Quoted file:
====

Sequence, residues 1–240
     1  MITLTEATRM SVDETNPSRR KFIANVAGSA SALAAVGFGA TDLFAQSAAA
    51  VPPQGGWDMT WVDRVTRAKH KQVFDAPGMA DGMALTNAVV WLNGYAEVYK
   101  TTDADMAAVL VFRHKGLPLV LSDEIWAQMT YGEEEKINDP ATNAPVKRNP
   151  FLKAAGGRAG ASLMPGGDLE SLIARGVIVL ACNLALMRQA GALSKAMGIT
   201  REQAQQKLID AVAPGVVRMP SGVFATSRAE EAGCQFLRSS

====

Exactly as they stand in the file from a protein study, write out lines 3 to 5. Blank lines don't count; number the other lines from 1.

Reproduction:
    51  VPPQGGWDMT WVDRVTRAKH KQVFDAPGMA DGMALTNAVV WLNGYAEVYK
   101  TTDADMAAVL VFRHKGLPLV LSDEIWAQMT YGEEEKINDP ATNAPVKRNP
   151  FLKAAGGRAG ASLMPGGDLE SLIARGVIVL ACNLALMRQA GALSKAMGIT